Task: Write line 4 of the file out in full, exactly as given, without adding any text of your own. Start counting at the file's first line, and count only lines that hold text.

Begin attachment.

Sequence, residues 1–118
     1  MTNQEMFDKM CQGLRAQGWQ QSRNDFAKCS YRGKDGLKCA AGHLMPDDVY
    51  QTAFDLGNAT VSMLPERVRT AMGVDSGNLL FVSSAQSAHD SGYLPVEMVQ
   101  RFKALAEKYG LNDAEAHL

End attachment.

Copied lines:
   101  RFKALAEKYG LNDAEAHL